That became painfully clear on the ensuing drive. Mahomes hit Hill in stride and the All-Pro wide receiver promptly made the Bills secondary look downright foolish. Weaving in and out of woebegone defenders, Hill was finally caught inside the 5-yard line after a 71-yard gain, ultimately setting up Kelce's short TD catch a few plays later.

Any hopes the Bills had of a comeback were dashed when Rashad Fenton picked off a tipped pass deep in Kansas City territory. Kansas City breezily marched the other direction, and Mahomes and Kelce kicked off the celebration of another trip to the Super Bowl when they connected for their second score of the game.

Brady leads Buccaneers past Packers

Tom Brady and the Tampa Bay Buccaneers' road magic have them heading home to the Super Bowl, the first team to play in one on their home field.

Brady owns six Super Bowl rings with New England and now heads to his 10th NFL championship game with his new team. With help from a stifling pass rush and a curious late call on fourth-and-goal by the Packers, Brady and the Bucs beat top-seeded Green Bay 31-26 for the NFC title Sunday.

"It's great to get another road win, and now we got a home game," said Brady, who went 20 of 36 for 280 yards with three touchdowns. "Who'd ever thought a home Super Bowl for us? But we did it."

The Bucs (14-5) earned their franchise-record eighth consecutive road victory to reach the Super Bowl for the first time since their 2002 championship season.

They were helped by a strange decision by Packers coach Matt LaFleur with just over two minutes remaining and down by eight points. On fourth-and-goal, he elected to kick a field goal to get within five. Tampa Bay then ran out the clock on the Packers (14-4).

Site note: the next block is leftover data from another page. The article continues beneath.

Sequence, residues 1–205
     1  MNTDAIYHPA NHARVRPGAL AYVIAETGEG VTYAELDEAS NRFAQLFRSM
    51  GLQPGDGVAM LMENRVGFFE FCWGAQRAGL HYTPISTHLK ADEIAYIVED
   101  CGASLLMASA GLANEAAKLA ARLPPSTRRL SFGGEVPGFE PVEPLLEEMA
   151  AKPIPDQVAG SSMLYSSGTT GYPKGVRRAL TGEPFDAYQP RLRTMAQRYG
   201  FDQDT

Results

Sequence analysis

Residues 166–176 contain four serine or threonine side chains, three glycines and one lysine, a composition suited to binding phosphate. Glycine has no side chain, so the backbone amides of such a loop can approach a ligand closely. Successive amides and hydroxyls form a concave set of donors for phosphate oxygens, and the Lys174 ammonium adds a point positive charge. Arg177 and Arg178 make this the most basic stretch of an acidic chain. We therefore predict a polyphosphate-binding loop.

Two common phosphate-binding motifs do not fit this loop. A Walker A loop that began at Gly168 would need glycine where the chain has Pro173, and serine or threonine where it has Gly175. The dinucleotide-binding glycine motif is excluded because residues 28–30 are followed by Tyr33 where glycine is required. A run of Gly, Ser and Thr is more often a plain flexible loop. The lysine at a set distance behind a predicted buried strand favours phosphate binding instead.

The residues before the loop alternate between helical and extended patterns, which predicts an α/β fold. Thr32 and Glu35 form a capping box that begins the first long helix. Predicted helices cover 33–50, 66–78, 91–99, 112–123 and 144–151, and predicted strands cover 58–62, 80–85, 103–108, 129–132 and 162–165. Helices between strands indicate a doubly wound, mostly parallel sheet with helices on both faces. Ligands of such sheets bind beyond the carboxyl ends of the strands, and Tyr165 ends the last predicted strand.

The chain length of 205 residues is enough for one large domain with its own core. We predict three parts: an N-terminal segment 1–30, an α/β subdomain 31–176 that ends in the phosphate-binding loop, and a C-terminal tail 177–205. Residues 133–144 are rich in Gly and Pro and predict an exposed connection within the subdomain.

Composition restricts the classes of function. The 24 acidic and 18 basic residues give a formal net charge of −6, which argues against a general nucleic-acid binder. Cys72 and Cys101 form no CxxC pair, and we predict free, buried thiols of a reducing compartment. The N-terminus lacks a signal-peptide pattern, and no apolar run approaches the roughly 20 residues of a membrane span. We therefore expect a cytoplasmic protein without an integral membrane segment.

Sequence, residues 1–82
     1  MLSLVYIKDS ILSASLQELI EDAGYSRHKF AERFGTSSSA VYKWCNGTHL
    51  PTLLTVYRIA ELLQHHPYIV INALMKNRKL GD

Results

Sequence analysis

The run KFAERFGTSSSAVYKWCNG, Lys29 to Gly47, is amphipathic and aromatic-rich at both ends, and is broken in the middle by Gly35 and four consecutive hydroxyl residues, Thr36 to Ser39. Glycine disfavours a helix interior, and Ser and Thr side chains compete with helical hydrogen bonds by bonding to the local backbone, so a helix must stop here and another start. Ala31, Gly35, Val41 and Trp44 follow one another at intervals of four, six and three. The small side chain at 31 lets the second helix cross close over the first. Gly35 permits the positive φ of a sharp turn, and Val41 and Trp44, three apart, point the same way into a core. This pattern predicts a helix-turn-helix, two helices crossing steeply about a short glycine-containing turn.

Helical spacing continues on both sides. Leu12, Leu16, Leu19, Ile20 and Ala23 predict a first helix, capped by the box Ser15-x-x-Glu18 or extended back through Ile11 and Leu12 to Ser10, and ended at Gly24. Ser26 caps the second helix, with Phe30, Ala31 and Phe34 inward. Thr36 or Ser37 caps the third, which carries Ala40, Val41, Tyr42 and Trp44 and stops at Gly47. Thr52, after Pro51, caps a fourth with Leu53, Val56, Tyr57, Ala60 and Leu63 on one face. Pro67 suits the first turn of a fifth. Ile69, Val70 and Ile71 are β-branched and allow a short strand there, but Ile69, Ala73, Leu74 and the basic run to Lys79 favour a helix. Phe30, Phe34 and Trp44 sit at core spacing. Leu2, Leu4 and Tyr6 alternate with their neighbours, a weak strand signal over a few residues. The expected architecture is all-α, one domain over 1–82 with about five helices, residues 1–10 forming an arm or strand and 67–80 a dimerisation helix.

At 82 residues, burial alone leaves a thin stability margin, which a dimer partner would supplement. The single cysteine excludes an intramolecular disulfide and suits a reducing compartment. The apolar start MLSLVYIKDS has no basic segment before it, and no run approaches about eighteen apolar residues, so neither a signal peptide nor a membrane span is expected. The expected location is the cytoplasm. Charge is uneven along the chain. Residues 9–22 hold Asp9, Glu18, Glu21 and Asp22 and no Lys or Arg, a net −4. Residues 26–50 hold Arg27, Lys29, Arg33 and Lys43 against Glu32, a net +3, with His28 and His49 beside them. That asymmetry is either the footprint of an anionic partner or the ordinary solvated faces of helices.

The Bucs will face Kansas City at Tampa's Raymond James Stadium on Feb. 7.

'We're coming home to win'

"We're coming home," Bucs coach Bruce Arians said. "We're coming home to win."

Green Bay trailed 31-23 and had first-and-goal from the 8 in the last few minutes. But after Aaron Rodgers threw three straight incompletions, the Packers settled for Mason Crosby's 26-yard field goal with 2:05 left.

The Packers had all three timeouts left and were hoping their defence could force a punt. The Bucs foiled that plan, draining the rest of the clock, helped by a pass interference penalty on Kevin King.

Led by Shaquil Barrett and Jason Pierre-Paul combining for five sacks, Tampa Bay snapped Green Bay's seven-game winning streak. The Packers lost in the NFC championship game for the fourth time in the last seven seasons. Green Bay hasn't reached the Super Bowl since its 2010 championship season.

Rodgers went 33 of 48 for 346 yards with three touchdowns and one interception, but fell to 1-4 in conference championship games as a starting quarterback.

Tampa Bay took command in the middle portion of the game.

Green Bay trailed 14-10 and had the ball just before halftime until Sean Murphy-Bunting picked off Rodgers at the Tampa Bay 49-yard line with 28 seconds remaining. After converting a fourth-and-4, Tampa Bay was at Green Bay's 39 with 8 seconds remaining. The Bucs passed up a long field-goal attempt, and Brady found Scotty Miller down the left sideline for a 39-yard touchdown catch with just 1 second remaining.

"We didn't come here to not take chances to win the game," Arians said. "Love the play we had. Got a great matchup and got a TD. That was huge."

The Bucs built a 28-10 lead early in the third quarter thanks to Brady's three touchdown passes. Brady went 20 of 36 for 280 yards.

The Packers got the ball to start the second half, and Aaron Jones caught a short third-down pass. He took a huge hit from Jordan Whitehead that knocked the ball loose. Devin White recovered and ran 21 yards to the Green Bay 8.

One play later, Brady found a wide-open Cameron Brate to extend Tampa Bay's lead to 28-10.

The Packers rallied as Brady threw interceptions on three straight drives for just the second time in his career. Green Bay cut the lead to 28-23 late in the third quarter on Rodgers' touchdown passes to Robert Tonyan and Davante Adams.